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Lan Sheng (New York City NY)
||60 West 39th Street,|
New York City, NY 10018
Reviewed by: Jacqueline M. Newman
Summer Volume: 2010 Issue: 17(2) page: 36
One day when shopping in mid-town, we stop in at a new spot in a neighborhood shy of really good Chinese food. The place we drop in to is Lan Sheng. We went there the third week after they opened (or so we were told by Nancy Lon Yang and chef Wang Zhong Qi); and we did love their food. Later, we learn they opened several weeks before, still trying things out. This upscale sophisticated restaurant serves fantastic Sichuan food beginning with a small free portion of an appetizer. While there, we learn that those wanting take-out who order more than twenty bucks worth, are comp'd an order of Sichuan Cold Noodles, Wonton in Hot Sesame Oil, or Wontons made Sweet and Sour. Go for the noodles, they are top drawer and terrific.
As we often do eat in a Sichuan eatery, we begin with one of our favorties, Ox Tongue and Tripe in Chili Sauce. It is a large order, does not pander to those not Chinese, and does have their share of delicious hot peppers. This dish is simply superlative.
Gui Zhou Beef is loaded with beef dried and fried and hot peppers pickled and from a jar. There are many pieces of fine dry-fried marinated beef with lots of scallions and bamboo shoots. The platter is pretty, loaded too, with carrot rolls, scallions, and fresh coriander. Reminds of a similar dish we delighted eating in Chengdu.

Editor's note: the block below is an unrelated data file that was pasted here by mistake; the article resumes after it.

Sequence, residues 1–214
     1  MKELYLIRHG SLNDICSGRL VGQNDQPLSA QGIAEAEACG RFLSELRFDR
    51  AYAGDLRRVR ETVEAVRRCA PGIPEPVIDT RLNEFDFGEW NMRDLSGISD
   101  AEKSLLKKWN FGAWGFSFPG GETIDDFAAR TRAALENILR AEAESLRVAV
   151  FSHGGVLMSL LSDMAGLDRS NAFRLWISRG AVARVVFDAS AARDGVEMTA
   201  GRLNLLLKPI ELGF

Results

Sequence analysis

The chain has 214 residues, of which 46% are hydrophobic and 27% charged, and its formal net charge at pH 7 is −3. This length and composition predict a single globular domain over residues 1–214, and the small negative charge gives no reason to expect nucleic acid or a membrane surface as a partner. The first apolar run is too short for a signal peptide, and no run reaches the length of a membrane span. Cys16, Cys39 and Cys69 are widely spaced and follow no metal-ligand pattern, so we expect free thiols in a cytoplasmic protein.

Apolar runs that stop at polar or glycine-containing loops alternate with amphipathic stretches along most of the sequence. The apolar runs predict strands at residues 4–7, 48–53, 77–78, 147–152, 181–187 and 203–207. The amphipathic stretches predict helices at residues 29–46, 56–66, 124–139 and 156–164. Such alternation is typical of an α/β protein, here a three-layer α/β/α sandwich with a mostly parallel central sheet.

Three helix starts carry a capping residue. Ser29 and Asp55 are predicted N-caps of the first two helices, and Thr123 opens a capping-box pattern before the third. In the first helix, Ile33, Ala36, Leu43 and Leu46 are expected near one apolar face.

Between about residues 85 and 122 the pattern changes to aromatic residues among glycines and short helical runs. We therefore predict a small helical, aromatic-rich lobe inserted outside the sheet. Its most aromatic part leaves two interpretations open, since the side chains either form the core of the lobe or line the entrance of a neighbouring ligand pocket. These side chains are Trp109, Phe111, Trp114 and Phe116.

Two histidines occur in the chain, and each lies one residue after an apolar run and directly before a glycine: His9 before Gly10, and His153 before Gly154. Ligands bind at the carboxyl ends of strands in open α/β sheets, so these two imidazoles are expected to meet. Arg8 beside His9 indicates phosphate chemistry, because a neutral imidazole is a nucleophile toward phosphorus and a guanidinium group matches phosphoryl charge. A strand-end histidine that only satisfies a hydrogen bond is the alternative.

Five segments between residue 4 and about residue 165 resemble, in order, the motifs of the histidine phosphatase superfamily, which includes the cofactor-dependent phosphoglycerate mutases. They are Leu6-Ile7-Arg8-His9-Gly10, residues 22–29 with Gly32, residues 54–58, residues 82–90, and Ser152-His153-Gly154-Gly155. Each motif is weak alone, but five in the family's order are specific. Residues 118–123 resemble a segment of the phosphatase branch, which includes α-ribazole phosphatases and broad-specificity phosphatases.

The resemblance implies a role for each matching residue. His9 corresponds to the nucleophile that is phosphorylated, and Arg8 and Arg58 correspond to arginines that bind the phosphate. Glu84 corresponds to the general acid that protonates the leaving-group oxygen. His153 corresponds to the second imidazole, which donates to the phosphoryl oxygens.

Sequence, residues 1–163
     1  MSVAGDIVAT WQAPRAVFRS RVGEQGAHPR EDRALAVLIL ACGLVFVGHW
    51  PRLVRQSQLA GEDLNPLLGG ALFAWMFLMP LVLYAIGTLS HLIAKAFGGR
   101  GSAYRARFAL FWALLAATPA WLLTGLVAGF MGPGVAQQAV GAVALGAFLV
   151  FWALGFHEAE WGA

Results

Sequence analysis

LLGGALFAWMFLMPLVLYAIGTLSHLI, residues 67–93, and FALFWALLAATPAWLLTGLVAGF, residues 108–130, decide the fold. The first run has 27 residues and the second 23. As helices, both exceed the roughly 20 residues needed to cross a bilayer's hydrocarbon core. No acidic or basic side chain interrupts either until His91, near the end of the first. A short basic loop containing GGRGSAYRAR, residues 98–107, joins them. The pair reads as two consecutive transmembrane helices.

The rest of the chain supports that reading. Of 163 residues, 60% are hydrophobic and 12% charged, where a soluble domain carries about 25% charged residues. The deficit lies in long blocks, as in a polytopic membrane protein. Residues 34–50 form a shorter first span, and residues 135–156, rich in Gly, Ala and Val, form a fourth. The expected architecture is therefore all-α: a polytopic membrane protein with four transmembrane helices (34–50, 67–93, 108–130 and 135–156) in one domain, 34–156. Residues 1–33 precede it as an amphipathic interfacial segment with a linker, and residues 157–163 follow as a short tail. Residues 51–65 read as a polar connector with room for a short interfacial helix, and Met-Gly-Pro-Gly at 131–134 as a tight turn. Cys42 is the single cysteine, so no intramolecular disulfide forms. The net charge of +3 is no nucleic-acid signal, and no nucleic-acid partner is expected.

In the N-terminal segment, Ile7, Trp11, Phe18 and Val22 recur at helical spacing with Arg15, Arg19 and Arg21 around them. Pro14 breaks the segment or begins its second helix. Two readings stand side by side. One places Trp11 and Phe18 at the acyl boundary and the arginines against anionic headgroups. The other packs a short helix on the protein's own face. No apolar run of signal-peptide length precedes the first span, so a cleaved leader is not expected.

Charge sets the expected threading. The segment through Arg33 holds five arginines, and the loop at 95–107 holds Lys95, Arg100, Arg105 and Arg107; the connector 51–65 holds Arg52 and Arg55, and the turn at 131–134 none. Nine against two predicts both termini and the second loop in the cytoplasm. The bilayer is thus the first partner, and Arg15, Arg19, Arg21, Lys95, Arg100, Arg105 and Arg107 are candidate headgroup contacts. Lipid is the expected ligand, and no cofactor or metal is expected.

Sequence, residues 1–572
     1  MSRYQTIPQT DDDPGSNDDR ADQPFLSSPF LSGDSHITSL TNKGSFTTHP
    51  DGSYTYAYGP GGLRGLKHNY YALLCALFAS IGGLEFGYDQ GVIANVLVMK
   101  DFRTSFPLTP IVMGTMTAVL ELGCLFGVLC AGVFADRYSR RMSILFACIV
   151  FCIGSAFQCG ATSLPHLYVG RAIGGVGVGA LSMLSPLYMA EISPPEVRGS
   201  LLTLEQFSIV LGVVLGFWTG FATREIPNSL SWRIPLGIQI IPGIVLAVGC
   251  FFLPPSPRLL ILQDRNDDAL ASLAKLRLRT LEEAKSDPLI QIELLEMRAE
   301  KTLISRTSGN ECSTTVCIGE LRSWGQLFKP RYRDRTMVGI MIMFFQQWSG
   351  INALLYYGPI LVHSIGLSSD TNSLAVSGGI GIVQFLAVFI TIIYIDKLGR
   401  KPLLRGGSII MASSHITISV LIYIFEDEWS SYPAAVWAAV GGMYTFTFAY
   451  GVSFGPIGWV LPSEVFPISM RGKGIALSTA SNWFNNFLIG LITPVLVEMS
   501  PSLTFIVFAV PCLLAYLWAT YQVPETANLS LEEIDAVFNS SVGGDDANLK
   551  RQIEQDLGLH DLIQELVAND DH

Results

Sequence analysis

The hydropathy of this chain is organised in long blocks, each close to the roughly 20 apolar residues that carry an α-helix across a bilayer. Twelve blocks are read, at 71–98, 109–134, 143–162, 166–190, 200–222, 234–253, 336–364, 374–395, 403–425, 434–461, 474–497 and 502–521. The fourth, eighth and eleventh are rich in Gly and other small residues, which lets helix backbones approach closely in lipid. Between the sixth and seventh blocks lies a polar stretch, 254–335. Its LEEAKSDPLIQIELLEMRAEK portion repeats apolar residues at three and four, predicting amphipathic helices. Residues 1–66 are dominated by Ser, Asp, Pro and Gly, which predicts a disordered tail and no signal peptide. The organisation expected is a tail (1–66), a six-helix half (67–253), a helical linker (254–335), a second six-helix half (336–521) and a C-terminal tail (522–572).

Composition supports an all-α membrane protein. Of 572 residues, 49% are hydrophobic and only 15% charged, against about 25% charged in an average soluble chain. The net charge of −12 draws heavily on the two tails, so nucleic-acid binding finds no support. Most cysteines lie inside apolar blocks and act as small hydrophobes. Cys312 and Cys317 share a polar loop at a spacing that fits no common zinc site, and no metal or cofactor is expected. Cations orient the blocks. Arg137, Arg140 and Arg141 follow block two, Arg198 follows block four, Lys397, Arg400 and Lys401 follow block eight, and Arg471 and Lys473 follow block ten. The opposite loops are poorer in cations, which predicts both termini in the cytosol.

Frog in Mini-hot pot arrives with quite a few of those yummy pickled hot peppers, also straw mushrooms by the handful, and piles of scallion pieces. It and every dish here is equal to food from the Sichuan Province. Even the free pao cai appetizer, there to stimulate appetites while waiting for dishes ordered, is special. Not just cabbage solo, it is in the company of carrots, and red peppers and did keep company several days soaking up each other's flavors.
General Tso's Tofu is related to Mapo Doufu; eating it with Dried Sauteed Soybean Sprouts, crispy and creative, also Pine Nuts with Corn and Sauteed Vinegar Potato Strips makes for a very special Sichuan meal.
When shopping on Fifth Avenue, do take a break and delight in their lunch specials; all are just under seven bucks. We had a hard time selecting among the three dozen delicious choices. Lunch comes with soup, Spring Roll, and a choice among three different rice selections. Midtown no longer wants for good Chinese food from the province of Sichuan.